Exposure therapy includes in-vivo exposure, imaginal exposure, virtual reality exposure, interoceptive exposure, graded exposure, flooding, and systematic desensitisation.
Rational Emotional Behaviour Therapy (REBT)
One of the main problems we face today is dealing with irrational thoughts and beliefs. These negative thoughts influence the way we respond to a specific situation. Rational emotional behaviour therapy focuses on identifying harmful or destructive thoughts; it guides the patient to actively question those thoughts and replace them with more rational and realistic ones.
REBT uses many techniques such as
- Problem-solving techniques (which include problem-solving skills, social skills, decision-making skills, conflict resolution skills, assertiveness, etc.)
- Cognitive restructuring techniques (such as rationalising techniques, guided imagery, disputing irrational thoughts, exposure to the feared situation, etc.) and
- Coping techniques (which include relaxation, hypnosis, and meditation)
Social Learning Theory
The main focus of social learning theory is that people learn by observing others. Children especially observe and learn from the environment like a sponge absorbing water. Children are exposed to various models and influencers in the environment. They store the information they observe and imitate it subsequently. Observing how others are rewarded or punished for their actions can lead to learning and behaviour modification.
Some Techniques Used In Behaviour Therapy
To understand how behaviour therapy works, it is necessary to learn more about the fundamental principles that contribute to behavioural therapy. The techniques used in this type of treatment are based on classical conditioning and operant conditioning theories.
Classical conditioning is a type of learning that is automatic or unconscious. Classical conditioning states that when a naturally occurring stimulus is repeatedly paired or associated with an environmental stimulus, the environmental stimulus will gradually evoke the same response to the natural stimulus. In simple, it is the association between two stimuli to create new learning. This learning process helps to develop a conditioned response by associating the two different stimuli.
For example, one of the famous experiments associated with classical conditioning is Pavlov’s experiment with dogs. When Pavlov presented the dogs with the sound of a bell, the dogs didn’t salivate. This was the neutral stimulus. Later, when he presented food to the dog, they salivated in response. Here the food is an unconditioned stimulus and saliva is an unconditioned response. Pavlov repeatedly presented the sound of a bell and then the food to the dogs. After a few repetitions, the dogs began to salivate in response to the sound of the bell. Here the bell has become the conditioned stimulus, and salivation has become the conditioned response.
Aversion therapy is based on classical conditioning. Aversion therapy reduces unwanted or undesirable behaviour such as alcohol addiction, gambling addiction, etc. In aversion therapy, a stimulus, for example, alcohol or cigarette, is continuously paired with an aversive stimulus, such as an electric shock or nausea-inducing drug. After repeated pairing of these two stimuli, the person develops an aversion towards the stimulus, which initially brought deviant behaviour.
Electrical, chemical, or imagined aversive situations are the main stimuli used in aversion therapy.
Example: In aversion therapy, the clients are given an aversive drug that causes vomiting whenever they are exposed to the strong smell or taste of the alcohol (by repeatedly pairing the drug with the alcohol).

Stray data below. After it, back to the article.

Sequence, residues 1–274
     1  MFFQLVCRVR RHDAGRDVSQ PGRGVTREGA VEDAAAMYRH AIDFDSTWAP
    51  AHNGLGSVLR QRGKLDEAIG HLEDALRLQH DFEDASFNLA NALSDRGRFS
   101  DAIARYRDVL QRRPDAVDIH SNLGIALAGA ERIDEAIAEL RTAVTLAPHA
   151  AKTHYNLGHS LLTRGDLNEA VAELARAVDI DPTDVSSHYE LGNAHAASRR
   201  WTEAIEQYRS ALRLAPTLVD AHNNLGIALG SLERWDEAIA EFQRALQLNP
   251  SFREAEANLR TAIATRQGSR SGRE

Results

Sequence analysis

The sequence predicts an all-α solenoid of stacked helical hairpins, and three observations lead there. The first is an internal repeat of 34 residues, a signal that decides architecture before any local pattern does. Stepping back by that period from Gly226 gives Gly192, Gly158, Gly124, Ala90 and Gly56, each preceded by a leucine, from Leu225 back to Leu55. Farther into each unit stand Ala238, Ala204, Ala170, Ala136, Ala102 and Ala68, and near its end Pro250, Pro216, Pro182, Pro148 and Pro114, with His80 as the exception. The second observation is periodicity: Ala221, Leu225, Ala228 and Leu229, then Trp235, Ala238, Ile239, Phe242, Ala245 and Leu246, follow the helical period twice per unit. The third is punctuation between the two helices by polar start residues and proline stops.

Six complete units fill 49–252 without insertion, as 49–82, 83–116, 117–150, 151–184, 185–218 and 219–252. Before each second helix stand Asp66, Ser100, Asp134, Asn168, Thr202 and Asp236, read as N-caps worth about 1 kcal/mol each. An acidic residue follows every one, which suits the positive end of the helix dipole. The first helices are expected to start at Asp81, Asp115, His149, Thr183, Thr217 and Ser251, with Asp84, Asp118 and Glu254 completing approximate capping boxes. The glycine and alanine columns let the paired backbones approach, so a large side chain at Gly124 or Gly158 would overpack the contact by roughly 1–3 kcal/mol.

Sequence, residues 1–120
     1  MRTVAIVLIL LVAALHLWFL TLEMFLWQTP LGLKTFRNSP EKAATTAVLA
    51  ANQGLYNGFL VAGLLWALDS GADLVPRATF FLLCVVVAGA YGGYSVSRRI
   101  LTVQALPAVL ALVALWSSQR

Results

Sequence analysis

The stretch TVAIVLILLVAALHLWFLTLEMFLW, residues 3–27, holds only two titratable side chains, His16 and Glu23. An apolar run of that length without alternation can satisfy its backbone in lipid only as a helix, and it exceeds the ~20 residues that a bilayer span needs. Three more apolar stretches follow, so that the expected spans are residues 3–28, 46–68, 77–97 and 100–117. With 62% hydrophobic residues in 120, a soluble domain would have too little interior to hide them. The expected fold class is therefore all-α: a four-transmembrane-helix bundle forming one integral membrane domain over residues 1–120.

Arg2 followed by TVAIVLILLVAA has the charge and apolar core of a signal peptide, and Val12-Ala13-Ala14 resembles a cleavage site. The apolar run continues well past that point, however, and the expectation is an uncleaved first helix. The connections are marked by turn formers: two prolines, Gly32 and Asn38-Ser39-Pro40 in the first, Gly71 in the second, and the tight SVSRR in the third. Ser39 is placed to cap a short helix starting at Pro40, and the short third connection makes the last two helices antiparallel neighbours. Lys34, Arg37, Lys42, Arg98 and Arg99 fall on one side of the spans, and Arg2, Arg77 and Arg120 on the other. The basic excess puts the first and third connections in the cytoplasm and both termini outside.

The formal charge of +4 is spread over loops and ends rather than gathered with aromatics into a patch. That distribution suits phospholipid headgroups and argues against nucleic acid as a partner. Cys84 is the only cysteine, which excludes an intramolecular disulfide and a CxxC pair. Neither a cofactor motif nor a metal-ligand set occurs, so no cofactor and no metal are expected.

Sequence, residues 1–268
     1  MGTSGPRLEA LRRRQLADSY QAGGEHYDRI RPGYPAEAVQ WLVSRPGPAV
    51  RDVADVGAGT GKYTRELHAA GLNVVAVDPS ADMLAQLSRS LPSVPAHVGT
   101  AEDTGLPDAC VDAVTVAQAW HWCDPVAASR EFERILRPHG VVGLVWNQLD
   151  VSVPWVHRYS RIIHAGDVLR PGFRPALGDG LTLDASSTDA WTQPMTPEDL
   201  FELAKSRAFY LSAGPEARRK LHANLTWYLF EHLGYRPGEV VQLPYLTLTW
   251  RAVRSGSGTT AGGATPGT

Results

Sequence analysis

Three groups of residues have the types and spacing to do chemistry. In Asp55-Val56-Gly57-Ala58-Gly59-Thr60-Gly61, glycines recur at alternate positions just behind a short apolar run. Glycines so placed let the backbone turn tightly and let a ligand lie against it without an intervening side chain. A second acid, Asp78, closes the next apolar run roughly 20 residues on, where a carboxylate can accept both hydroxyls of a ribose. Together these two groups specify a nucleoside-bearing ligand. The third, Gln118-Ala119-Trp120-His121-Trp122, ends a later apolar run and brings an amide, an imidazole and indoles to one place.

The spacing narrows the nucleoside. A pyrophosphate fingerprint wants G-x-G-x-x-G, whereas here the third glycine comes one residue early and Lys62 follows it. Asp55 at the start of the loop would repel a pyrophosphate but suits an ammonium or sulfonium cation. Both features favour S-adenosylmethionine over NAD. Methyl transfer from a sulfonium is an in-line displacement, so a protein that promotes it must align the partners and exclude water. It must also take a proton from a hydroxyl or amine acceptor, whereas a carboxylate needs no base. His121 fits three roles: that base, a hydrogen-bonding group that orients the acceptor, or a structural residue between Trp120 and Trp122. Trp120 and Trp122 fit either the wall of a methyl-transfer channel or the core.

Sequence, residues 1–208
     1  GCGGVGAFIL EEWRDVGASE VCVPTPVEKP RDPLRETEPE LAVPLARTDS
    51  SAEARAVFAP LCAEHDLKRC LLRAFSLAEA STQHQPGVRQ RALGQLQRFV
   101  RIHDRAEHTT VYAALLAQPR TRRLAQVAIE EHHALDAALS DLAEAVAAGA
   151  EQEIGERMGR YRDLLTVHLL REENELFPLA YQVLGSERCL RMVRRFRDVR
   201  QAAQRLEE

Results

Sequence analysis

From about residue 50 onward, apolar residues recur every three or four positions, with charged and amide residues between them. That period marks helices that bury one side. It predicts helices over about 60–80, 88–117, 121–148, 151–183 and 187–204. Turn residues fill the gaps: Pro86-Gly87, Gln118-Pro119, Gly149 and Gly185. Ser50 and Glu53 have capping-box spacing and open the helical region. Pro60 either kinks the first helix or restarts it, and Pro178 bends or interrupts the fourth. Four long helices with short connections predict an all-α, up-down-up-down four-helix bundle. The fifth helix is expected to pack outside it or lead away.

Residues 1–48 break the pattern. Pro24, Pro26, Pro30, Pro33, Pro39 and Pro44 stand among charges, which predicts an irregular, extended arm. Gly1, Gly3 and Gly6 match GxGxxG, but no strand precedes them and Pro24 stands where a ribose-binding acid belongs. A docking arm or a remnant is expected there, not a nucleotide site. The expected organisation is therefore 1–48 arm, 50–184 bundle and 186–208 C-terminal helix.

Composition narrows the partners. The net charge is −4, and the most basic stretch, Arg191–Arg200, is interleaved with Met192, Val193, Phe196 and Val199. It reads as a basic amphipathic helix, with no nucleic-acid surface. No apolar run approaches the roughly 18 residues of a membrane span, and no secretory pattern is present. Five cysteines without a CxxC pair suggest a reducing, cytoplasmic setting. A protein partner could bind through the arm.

Through classical conditioning, people are taught to associate fear with stimulus. But in flooding, the same principle of classical conditioning can be used to eliminate fear by replacing them with relaxation techniques and exercises. Flooding is a behaviour therapy technique used to treat phobias and fears by first teaching self-relaxation techniques and exposing them directly to the fear-evoking environment.
The advantage of flooding therapy is that it gives quick results and is very effective. It is the most commonly used therapy by behaviour therapists to treat phobias.
If flooding is exposing the client directly to the fear-evoking stimulus, systematic desensitisation is a type of exposure therapy where a person is gradually exposed to a fear-evoking stimulus along with relaxation techniques.
Systematic desensitisation involves three steps
- Learning relaxation techniques (breathing, muscle relaxation, mindfulness, meditation, etc.)
- Making a list of the hierarchy of fears
- Exposing slowly to the fear
Operant conditioning is a method of learning which focuses on how reinforcement and punishment can be used to bring a change in behaviour. The principle of operant conditioning is that behaviour that is rewarded has a high chance of occurring more while the behaviour or an action that is punished will rarely occur.
For example, whenever a boy does his homework, he is allowed to play. Here, he will be motivated to do his homework again because a positive outcome follows that action.
Components of Operant Conditioning
Reinforcement is anything that facilitates increased or strengthened behaviour. Reinforcement is of two types – positive reinforcement and negative reinforcement.
Positive reinforcement is a favourable outcome or event presented after the behaviour. Here, the person’s behaviour is increased by adding a positive and favourable reward or praise. For example, if a child scores good marks in exams, he is rewarded with chocolates.
Negative Reinforcement: Here, the strengthening or increasing of the behaviour is done by removing an unfavourable event or outcome after the desirable behaviour. For example, if the child follows instructions well in class, he won’t get any homework for the day.
Punishment helps decrease negative or undesirable behaviour when followed by a negative event or outcome.
Positive Punishment helps decrease undesirable behaviour when an adverse event or outcome follows the behaviour. For example, asking the child to do household chores for disobeying parents.
Negative Punishment: In negative punishment, the removal of a reinforcing item is used to decrease undesirable behaviour. For example, taking away TV time after the child misbehaves at home.
Contingency management therapy is based on principles of operant conditioning. The therapist pairs the reward with the desired behaviour to achieve the targeted behaviour. Gradually, the frequency of the reward given is decreased and stopped. The main challenge of this technique is finding the best pair of rewards and behaviour.